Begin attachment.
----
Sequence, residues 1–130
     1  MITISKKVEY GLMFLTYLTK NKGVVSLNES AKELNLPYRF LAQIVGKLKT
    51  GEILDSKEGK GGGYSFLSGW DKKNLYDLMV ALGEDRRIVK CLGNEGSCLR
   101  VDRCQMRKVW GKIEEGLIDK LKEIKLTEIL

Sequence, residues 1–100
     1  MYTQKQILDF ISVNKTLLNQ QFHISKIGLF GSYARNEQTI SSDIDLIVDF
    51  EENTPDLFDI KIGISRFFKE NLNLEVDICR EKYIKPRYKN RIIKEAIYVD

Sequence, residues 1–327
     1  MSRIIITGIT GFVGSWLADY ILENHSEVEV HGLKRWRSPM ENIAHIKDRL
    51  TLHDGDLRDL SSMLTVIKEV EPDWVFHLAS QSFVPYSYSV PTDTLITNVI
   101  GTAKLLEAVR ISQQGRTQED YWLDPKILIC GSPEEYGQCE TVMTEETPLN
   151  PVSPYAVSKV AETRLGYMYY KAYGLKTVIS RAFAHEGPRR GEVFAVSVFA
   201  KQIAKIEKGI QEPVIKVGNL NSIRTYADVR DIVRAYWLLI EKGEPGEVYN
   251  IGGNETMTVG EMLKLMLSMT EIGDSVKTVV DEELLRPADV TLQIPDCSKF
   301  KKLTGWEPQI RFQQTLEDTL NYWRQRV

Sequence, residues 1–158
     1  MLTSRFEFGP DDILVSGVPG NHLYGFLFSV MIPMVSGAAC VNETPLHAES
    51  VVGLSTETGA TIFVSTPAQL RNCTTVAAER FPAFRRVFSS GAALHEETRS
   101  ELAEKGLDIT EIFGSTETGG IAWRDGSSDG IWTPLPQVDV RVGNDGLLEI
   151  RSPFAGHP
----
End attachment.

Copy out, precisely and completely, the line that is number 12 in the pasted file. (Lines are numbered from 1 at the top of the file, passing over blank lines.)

   151  PVSPYAVSKV AETRLGYMYY KAYGLKTVIS RAFAHEGPRR GEVFAVSVFA